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Skier of the Decade: Jean-Claude Killy, 1960s

Skier of the Decade: Jean-Claude Killy, 1960s

No modern athlete may ever duplicate Killy’s dominance of a sport.
By John Fry
posted: 11/01/2011
jean-claude killy

Among alpine racers of the past 50 years, none—not even Hermann Maier nor Ingemar Stenmark—has matched the record set by Jean-Claude Killy. In fact, no modern athlete may ever duplicate Killy’s dominance of a sport. The Frenchman won more than 70 percent of all the races on the 1967 World Cup circuit. In a single winter, he won all five World Cup downhills, including the perilously steep Hahnenkamm, three slalom races and four of five giant slaloms. He also won all three alpine skiing gold medals at the 1968 Games.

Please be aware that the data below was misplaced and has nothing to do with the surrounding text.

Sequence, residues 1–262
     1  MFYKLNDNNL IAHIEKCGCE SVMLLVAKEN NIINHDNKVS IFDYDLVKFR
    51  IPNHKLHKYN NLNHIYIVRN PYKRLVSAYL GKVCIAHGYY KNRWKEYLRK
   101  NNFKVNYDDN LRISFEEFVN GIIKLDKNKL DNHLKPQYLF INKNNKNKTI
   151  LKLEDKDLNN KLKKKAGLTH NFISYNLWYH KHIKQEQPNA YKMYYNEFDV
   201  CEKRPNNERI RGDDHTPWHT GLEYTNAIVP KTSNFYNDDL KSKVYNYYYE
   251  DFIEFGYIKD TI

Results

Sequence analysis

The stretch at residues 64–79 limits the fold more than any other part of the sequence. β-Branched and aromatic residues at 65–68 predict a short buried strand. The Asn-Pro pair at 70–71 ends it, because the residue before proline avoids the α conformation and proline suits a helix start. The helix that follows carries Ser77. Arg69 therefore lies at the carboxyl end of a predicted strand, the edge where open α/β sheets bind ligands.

After turning pro, he became the first skier managed by master sports agent Mark McCormack, who landed Killy endorsement deals with Head skis, Chevy cars and even a shampoo. Killy won the 1973 professional ski racing title.

He built an eponymous sportswear company, headed the 1992 Olympics at Albertville and ran the Tour de France.

Handsome and deceptively shy with a sharp sense of humor, Killy is the 20th century’s most famous skier. He lives in Switzerland and is a lead organizer of the 2014 Olympic Winter Games in Russia. —J.F.

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